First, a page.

A lot. Durability of protection is key. All the data so far show that the vaccines are highly effective in preventing disease soon after inoculation. What we need to find out is what happens in six months or a year after vaccinations. Are they still as effective, or do we need boosters, even without viral variants causing an issue? There is also a lot of talk about the potential to reduce viral transmission, but I am worried we are jumping the gun a bit. We have to bear in mind that early on after vaccination, people have very high levels of antibodies, which help reduce the ability of the virus to take hold in the respiratory tract. As this high level of antibodies declines, the rates of mild disease may start to rise again along with an increased risk of transmission. This can be a problem, particularly for the AstraZeneca and J&J vaccines, with the latter actually showing less efficacy against milder disease even a few weeks after the dose. This means further waves of Covid-19 outbreaks are likely, though hopefully these will be mostly mild to moderate.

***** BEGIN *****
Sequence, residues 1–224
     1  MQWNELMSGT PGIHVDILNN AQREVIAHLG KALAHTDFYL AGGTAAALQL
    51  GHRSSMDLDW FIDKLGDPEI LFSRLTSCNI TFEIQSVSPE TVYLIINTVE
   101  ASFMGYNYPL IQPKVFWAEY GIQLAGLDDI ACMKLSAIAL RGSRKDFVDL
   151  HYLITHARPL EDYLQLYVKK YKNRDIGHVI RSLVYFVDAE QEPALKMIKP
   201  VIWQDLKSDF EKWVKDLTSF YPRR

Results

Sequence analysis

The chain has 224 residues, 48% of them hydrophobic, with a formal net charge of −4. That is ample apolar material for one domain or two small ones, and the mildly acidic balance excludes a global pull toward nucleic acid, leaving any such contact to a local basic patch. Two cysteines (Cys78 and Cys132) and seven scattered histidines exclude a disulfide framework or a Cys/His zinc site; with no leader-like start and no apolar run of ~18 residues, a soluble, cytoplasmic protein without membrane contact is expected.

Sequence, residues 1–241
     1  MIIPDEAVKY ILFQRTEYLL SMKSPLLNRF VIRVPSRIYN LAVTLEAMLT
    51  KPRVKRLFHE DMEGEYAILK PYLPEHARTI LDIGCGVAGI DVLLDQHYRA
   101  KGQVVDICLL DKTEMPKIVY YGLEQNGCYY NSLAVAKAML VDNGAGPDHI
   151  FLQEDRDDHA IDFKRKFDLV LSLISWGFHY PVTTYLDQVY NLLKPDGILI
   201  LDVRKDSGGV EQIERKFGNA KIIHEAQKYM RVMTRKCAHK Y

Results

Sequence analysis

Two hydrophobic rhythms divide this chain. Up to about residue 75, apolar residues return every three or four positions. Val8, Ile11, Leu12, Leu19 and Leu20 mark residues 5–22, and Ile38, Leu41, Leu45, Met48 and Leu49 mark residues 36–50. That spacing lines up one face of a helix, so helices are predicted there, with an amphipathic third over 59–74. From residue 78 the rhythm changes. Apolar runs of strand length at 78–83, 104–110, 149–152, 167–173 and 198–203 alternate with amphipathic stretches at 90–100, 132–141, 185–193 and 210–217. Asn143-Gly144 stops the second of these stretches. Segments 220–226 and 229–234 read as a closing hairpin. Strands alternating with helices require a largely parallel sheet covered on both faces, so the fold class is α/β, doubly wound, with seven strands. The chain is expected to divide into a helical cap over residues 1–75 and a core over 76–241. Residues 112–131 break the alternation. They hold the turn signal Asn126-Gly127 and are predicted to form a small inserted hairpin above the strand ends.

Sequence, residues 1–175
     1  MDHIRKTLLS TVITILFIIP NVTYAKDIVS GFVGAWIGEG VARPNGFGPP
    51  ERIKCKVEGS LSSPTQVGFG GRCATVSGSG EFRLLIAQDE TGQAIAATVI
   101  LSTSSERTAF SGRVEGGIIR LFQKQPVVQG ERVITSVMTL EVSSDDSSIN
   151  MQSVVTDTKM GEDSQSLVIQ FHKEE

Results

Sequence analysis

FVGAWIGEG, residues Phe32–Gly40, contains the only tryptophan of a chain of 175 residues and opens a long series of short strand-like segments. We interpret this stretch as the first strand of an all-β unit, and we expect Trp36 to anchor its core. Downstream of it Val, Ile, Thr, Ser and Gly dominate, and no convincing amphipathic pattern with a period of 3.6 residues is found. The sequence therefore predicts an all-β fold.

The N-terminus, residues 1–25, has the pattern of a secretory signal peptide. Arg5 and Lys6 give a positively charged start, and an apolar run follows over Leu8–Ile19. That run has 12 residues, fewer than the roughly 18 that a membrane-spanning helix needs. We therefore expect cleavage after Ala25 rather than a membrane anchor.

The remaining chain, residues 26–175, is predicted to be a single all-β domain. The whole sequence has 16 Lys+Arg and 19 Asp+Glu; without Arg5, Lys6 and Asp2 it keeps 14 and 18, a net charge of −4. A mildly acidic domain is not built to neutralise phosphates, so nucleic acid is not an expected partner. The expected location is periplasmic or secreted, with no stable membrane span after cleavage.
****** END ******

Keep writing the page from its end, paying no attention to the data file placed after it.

What about variants? We've already seen how some variants respond to vaccines; is it fair to say that in general the shots seem to work well enough against the ones that have cropped up so far? If variants do evade vaccines, what would that look like and how would we know?